Using Unmanned Aerial Vehicles (UAVs) has spurred quite the controversy. Many in agriculture support it, saying it could take precision agriculture to the next level, while some are a little more cautious, fearing what it could mean for the big data battle. In this article, we explore the disadvantage sides of the issue, because of the pros of agricultural drones we have provided.
The Disadvantages of Agricultural Drones
Drones are opening up the skies to farmers who want better ways to monitor their crops. Although flying a drone over a field is less labor-intensive than walking through one, use of drone in precision agriculture still take too much time and effort for farmers to use.
- Flight Time and Flight Area
There are some issues of using drones in agriculture. Most of the agricultural drones have a short flight time, between 20 minutes to an hour. This may not be effective in monitoring very large acreage. The flight range also limits the radius that can be cover during every flight time. Drones that are designed to monitor in longer flight time and longer range are relatively more expensive.
- Heavy Cost for Good Feature Drones
Drones with the good design and features that qualify them for use in the agricultural are quite expensive. This is mostly so for adjust wing drones which could cost up to $25000 (PrecisionHawk’s Lancaster). For some agricultural drones, the heavy cost is inclusive of hardware, software, data programming, tools and imaging sensors.
Buying agricultural drone that does not come equipped with the necessary equipment could be cheaper. However, the desired cameras, hardware, and the processing software are quite costly making it equally capital intensive. Buying drones equipped for use in agriculture could prove costly in the short run but worthwhile in the long term.
- Federal Laws
The use of agricultural drones is considered commercial. This means the farmer needs to undergo Federal Aviation Administration (FAA) operator training so as to acquire a remote pilot certificate or hire an operator with such qualifications. FAA also demands that drones be flown at an altitude of not more than 400 feet.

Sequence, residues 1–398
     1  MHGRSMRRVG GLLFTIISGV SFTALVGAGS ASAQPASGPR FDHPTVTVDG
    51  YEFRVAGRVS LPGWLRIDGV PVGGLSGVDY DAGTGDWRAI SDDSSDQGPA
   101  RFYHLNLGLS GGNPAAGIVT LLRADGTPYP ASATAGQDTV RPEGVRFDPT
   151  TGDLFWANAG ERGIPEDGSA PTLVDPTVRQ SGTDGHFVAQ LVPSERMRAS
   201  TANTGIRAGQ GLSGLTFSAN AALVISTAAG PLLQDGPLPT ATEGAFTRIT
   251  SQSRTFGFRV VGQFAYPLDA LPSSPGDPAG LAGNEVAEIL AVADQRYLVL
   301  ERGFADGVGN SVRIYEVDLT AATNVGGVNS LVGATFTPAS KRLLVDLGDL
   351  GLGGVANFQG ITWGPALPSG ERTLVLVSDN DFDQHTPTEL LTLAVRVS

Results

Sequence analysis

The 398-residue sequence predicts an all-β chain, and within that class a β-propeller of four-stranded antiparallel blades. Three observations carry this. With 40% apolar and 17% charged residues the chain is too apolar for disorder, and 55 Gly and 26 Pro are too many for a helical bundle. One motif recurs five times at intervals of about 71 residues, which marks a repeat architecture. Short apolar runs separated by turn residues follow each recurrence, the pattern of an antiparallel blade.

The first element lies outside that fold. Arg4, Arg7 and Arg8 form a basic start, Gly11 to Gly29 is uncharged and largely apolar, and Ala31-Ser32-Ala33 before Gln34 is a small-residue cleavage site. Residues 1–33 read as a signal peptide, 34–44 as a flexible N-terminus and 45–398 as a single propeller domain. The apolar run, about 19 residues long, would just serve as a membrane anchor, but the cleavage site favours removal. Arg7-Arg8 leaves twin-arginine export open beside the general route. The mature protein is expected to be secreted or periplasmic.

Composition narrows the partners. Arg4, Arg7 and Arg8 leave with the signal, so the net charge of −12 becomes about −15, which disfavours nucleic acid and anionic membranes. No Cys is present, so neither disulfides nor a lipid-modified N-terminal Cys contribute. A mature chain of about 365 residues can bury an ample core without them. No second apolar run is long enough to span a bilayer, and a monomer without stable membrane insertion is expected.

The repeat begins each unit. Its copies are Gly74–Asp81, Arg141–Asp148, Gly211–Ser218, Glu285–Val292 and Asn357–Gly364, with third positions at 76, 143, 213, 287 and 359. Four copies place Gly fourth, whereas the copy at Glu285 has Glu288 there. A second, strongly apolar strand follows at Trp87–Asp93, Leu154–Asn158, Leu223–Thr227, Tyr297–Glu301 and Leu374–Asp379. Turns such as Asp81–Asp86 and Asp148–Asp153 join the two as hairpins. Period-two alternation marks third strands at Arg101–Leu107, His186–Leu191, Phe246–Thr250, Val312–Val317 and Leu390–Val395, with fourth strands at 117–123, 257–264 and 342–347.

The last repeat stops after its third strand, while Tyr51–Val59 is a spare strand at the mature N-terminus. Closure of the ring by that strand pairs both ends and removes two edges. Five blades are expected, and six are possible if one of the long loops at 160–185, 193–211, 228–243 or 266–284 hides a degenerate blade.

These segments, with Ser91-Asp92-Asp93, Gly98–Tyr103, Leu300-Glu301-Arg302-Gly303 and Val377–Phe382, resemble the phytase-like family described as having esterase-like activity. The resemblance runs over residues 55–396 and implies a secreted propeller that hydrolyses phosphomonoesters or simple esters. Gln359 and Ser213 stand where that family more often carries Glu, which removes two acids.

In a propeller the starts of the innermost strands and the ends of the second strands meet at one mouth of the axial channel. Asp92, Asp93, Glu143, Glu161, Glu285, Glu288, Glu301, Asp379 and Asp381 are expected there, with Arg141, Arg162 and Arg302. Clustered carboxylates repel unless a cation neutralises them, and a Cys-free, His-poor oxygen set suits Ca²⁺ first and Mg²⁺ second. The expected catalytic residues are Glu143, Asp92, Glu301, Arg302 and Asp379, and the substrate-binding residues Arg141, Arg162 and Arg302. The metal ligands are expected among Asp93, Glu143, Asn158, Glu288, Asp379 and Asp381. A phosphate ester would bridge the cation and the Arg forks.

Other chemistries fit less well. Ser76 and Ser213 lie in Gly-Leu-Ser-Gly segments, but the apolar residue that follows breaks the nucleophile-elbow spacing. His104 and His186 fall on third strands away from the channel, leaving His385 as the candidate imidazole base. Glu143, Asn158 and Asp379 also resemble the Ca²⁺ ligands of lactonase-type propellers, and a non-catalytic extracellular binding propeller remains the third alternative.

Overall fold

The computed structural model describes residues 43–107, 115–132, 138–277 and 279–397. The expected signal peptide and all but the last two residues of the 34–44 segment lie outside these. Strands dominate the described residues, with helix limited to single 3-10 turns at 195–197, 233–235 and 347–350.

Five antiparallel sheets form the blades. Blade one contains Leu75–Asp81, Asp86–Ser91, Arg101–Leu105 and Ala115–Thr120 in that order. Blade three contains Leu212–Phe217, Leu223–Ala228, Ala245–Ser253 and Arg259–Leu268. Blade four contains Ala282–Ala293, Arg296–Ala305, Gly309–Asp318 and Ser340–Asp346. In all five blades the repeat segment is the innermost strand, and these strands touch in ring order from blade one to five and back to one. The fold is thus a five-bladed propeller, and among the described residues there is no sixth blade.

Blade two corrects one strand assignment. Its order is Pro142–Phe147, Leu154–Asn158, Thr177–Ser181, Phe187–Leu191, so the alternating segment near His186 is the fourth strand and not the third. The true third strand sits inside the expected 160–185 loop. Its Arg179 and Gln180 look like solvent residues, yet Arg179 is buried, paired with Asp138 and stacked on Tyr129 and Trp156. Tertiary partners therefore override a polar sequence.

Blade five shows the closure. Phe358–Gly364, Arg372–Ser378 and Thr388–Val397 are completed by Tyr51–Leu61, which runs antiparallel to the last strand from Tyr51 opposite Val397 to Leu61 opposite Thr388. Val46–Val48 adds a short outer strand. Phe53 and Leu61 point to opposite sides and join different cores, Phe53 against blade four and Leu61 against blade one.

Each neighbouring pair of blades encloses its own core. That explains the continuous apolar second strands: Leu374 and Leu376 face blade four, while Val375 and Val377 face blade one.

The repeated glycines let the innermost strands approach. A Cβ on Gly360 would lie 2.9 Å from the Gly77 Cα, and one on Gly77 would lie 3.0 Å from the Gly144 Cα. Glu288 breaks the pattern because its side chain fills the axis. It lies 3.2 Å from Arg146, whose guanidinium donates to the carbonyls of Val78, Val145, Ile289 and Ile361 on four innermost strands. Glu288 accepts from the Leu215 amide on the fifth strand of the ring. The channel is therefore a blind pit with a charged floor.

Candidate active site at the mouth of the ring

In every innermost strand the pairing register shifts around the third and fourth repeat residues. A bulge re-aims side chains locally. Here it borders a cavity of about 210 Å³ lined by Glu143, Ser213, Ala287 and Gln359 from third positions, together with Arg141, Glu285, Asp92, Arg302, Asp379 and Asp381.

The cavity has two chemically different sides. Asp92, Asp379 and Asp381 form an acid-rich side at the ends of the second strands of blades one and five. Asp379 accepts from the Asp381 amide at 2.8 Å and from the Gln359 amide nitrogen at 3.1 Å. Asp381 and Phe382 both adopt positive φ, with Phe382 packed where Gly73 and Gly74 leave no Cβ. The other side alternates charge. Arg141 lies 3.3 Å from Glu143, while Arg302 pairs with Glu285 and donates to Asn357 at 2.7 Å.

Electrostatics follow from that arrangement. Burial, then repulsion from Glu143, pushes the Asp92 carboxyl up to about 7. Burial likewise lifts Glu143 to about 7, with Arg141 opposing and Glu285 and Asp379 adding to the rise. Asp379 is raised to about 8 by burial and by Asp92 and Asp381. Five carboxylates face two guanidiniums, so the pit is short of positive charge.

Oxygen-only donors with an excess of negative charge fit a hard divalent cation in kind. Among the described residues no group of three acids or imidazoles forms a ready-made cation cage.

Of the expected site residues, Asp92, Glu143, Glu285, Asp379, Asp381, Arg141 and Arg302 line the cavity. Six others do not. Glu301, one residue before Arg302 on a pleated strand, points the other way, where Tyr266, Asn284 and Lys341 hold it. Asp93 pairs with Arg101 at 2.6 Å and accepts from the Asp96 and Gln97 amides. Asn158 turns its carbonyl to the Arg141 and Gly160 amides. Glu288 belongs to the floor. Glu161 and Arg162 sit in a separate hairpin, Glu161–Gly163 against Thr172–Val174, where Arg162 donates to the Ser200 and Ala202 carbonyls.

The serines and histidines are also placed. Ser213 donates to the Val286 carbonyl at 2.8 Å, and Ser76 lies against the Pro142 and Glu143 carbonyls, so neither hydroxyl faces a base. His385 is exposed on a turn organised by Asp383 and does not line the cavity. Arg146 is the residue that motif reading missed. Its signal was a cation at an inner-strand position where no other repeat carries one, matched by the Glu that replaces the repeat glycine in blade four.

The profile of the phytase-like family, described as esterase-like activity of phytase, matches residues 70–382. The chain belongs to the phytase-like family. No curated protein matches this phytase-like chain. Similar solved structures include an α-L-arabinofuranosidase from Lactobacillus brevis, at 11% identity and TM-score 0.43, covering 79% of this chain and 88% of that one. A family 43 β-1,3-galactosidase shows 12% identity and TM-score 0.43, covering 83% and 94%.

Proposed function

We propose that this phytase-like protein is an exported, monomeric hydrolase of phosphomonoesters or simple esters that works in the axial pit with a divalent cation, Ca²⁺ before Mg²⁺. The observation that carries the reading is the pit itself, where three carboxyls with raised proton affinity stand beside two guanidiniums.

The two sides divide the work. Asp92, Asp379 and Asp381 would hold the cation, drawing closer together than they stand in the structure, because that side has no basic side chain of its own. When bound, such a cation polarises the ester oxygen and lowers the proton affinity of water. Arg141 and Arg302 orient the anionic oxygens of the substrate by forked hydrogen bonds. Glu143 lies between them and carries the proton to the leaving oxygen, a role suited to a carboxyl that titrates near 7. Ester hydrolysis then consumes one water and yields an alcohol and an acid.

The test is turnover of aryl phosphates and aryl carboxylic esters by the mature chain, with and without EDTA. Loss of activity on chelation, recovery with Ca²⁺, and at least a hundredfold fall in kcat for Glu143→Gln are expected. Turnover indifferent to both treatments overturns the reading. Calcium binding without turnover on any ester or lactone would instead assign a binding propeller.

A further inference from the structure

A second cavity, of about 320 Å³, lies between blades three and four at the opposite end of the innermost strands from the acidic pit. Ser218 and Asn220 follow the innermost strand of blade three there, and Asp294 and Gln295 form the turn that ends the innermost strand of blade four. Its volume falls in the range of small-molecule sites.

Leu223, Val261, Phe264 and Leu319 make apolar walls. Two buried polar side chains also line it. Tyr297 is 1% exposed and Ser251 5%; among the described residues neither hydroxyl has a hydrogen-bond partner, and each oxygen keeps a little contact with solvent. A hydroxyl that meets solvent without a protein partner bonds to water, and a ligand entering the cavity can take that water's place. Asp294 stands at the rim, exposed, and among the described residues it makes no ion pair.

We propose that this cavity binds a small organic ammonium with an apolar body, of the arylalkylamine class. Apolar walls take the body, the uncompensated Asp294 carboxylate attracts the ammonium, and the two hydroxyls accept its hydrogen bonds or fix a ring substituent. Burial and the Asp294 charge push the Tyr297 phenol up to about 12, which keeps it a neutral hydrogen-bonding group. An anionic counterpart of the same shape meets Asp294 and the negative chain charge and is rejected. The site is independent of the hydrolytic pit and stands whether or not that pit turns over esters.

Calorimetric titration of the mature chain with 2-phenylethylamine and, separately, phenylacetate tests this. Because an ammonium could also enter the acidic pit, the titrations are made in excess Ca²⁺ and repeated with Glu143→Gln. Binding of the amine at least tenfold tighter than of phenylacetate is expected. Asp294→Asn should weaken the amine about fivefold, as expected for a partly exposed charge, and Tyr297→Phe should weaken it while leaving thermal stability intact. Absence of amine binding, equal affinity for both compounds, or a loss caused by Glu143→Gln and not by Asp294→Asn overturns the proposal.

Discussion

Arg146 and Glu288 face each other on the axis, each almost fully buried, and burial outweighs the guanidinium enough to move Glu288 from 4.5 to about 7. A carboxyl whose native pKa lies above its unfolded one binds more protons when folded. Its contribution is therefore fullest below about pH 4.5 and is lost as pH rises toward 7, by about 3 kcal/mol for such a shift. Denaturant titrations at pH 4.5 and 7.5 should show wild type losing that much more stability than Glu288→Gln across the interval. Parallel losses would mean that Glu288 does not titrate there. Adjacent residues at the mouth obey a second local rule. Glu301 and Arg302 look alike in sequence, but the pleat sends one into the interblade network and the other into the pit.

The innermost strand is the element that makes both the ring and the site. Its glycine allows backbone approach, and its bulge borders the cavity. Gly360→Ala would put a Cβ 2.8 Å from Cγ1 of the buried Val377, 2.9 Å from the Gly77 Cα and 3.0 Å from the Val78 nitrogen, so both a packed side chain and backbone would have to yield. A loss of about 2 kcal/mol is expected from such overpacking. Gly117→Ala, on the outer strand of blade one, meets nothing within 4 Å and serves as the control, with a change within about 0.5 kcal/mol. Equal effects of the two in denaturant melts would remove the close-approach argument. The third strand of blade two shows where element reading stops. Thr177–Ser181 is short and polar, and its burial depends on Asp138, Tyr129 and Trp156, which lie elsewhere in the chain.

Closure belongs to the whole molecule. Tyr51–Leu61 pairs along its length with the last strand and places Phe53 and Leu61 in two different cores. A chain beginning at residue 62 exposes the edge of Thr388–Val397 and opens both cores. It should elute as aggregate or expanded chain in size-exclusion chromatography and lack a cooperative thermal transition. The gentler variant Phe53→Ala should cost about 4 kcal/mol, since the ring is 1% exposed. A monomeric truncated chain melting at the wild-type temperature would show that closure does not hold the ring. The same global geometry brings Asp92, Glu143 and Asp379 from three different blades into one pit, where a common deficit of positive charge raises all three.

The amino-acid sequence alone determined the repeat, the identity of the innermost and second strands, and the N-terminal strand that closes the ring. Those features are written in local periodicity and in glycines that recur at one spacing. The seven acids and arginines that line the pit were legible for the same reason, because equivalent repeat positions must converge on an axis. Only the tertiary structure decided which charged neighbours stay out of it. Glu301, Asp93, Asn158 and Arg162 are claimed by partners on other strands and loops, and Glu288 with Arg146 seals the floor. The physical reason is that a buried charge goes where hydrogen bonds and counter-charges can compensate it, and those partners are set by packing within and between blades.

The legality surrounding this complex system is still in question. One legal expert says as it stands today, using a drone in commercial agriculture is illegal.
The legislation around drone flights or Unmanned Aerial Surveys (UAS) over forest areas and indigenous lands can be unclear. Conditions for the use of drones need to be agreed between, for example, community of members, NGO, public bodies like Members of the Legislative Assembly (the NT parliament) and external facilitators.
As agricultural drone use becomes more common continously, regulations are increasingly necessary. As governments develop drone legislation, they face the challenge of providing legal clarity and addressing potential conflicts of interest (for example, communities may wish to use agricultural drones to monitor areas used by extractive industries or agribusiness, such as palm oil plantations). Controversies over drone use could require intervention by public agencies.
In fact, legal or not, drones are already in high demand.
- Interference Within the Airspace
Agricultural drones share the same airspace with manually manned aircraft. Hence they are prone to interference. It’s, therefore, advisable the farmer files his/her flight plan with the local airport or the FAA before the flight.
Most of the arable for growing crops in the US have very little online coverage if any. This means that any farmer intending to use agricultural drones has to invest in connectivity or buy a drone capable of capturing and storing data locally in a format that can later be processed.
- Weather Dependent
Drones are much more dependent to climatic conditions, unlike traditional aircraft. If it is extreme weather outside or rainy outside you may not be able to fly them because of some risks.
- Knowledge and Skill
The image capture and processing requires analysis by a skilled and knowledgeable personnel to translate to any useful information for farmers. Drone technology is unlikely to be familiar to common people, while data processing and geospatial analysis will need support from a partner organisation. This means an average farmer without these skills may need training in drone maintenance, piloting and programming or may be forced to hire a skilled personnel conversant with the analysis software to help out with the image processing.
Drones are still too manual and complicated for farmers to use on a regular basis. The drone technology is time-consuming, particularly for large commercial farms that have thousands of acres and sites that are miles apart. Using an off-the-shelf drone requires the farmer to drive to each field and hand-launch the drone.